‘The Year of the Witching’ is a Must-Read Dark Fantasy – Book Review
In Bethel, whatever the Prophet says is law. Immanuelle simply living and existing is blasphemy. Due to her mother’s union with an outsider of a different race, Immanuelle’s family was cast into disgrace. Therefore, Immanuelle does what she can to lead a life of submission by worshipping the Father and following Holy Protocol. Immanuelle must conform like all of the other women in the settlement.
But of course, much of that is easier said than done. After being lured to the forbidden Darkwood that surrounds Bethel, the very same place where the first Prophet chased and killed four powerful witches, the spirits of the witches still remain. They bestow a gift upon her – the diary of her deceased mother. Curious and fascinated by the secrets her mother penned in the diary, Immanuelle is at first confused as to why her mother consorted with the witches. However, the more she reads, the more she realizes that the Church and the history behind it is not as it seems. The true threat to Bethel is its own darkness.
Alexis Henderson’s debut novel, The Year of the Witching is a must-read. Smartly written, it combines dark fantasy elements with a pointed look at racism, patriarchy and segregation. Henderson brilliantly blends the elements of this book in a story that is intriguing and unlike any I’ve read before. While it of course has fantasy elements, it also includes mystery which I highly enjoyed. While some parts of the book are a slow burn, it worked well within the context of the specific chapters or parts that were happening in the novel. It served to build up that tension, to make the reader feel uneasy as they await to know more secrets about Bethel, about the life of Immanuelle’s mother and secrets about the Prophet himself.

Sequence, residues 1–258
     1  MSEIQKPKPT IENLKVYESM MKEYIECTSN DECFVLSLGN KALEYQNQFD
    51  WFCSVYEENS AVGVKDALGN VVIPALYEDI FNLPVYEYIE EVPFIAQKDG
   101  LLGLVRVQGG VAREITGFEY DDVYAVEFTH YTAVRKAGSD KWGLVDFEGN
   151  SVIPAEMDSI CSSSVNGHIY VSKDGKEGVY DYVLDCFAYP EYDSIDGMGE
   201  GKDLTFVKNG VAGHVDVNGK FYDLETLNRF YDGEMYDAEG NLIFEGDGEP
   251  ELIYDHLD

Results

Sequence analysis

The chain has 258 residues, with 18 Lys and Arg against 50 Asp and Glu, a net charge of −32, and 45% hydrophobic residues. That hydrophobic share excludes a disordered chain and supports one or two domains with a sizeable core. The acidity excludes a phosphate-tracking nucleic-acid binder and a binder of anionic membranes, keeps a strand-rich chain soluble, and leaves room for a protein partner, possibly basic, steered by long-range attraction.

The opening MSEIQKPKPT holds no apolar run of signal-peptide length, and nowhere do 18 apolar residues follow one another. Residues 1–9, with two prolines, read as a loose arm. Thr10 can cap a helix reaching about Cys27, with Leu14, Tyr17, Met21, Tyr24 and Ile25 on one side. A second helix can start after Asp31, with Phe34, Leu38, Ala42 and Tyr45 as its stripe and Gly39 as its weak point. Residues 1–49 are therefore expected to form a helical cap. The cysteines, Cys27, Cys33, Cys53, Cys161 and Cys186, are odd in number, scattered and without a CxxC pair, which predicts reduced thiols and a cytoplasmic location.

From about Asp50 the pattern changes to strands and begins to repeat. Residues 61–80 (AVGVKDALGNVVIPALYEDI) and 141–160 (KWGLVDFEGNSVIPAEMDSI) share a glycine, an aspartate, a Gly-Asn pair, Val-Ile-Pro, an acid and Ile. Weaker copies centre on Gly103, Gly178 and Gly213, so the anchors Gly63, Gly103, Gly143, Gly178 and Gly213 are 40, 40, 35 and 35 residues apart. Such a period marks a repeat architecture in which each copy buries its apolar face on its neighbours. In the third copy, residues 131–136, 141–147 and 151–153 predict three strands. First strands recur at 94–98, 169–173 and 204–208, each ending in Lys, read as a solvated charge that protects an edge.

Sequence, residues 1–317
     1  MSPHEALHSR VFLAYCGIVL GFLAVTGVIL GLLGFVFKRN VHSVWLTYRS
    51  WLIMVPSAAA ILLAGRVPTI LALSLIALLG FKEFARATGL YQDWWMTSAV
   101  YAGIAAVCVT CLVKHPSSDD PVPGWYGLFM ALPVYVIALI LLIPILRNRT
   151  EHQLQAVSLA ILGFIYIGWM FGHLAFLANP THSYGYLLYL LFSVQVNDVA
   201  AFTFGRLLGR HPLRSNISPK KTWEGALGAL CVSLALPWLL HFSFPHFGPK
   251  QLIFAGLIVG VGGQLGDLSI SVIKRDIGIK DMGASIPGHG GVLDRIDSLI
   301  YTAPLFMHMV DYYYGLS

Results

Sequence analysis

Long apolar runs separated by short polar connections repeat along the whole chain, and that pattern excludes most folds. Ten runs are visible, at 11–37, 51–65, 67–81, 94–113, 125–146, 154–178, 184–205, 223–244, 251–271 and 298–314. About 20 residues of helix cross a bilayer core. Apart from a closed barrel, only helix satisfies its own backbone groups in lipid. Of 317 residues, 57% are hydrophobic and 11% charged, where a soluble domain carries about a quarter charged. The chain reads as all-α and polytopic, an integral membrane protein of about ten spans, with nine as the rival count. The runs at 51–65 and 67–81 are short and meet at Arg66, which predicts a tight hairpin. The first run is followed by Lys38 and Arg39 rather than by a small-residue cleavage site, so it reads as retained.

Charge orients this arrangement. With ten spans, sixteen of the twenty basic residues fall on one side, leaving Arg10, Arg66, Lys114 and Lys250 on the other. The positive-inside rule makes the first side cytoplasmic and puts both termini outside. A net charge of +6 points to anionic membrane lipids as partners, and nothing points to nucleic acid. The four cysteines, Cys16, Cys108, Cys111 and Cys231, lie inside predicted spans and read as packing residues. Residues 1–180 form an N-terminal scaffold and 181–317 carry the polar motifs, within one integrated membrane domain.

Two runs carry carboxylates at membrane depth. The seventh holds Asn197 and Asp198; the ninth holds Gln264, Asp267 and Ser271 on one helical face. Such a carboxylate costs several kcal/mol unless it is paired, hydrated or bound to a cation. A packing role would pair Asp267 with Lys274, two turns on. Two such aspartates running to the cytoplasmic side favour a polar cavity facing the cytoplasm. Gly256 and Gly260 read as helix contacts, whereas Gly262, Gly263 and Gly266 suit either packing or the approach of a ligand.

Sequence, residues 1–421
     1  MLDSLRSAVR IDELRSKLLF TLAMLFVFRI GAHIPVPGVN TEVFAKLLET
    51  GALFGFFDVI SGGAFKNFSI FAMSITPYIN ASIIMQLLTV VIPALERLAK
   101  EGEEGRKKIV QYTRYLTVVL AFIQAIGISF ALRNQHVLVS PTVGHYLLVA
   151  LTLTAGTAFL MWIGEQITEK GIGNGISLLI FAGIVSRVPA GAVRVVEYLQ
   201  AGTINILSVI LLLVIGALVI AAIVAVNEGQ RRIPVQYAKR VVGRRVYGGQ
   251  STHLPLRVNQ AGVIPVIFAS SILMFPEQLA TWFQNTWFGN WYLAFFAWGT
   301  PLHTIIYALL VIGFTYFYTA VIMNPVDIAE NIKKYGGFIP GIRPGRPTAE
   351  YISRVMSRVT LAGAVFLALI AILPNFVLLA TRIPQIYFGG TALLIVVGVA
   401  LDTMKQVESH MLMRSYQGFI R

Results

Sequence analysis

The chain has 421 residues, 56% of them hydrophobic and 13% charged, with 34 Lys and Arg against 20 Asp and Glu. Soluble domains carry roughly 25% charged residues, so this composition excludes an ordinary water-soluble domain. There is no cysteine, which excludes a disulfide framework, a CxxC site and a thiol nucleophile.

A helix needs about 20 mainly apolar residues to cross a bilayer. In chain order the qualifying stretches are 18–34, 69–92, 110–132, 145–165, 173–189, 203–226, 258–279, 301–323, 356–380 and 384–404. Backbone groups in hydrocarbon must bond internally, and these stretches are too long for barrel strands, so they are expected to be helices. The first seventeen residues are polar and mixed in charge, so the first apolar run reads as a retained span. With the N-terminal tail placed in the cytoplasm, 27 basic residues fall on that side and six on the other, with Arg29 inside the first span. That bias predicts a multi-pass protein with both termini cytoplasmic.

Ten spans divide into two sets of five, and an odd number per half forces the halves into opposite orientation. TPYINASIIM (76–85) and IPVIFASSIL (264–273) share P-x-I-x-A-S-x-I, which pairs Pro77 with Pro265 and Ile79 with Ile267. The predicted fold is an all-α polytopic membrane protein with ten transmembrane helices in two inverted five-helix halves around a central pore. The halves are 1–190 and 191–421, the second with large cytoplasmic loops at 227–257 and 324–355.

In addition, there is a horror vibe that can be found within Henderson’s novel that is refreshing. There is a lot of darkness and some gore, but it’s never too much or overkill. It is precisely measured for each situation; another testament to Henderson’s brilliant writing. There is a perfect balance between the horror, fantasy and the very real elements that impact Immanuelle’s life living in Bethel. Despite the book being in the fantasy-genre, the very real themes throughout are ones that many can identify with which grounds the book in reality.
Henderson’s debut novel truly has everything going for it. The Year of the Witching is a book that is profoundly smart and dark, and certainly deserving of being added to any TBR list that you have.
I’m not sure about this one for some reason. I think it’s the cover. But your review makes it sound so good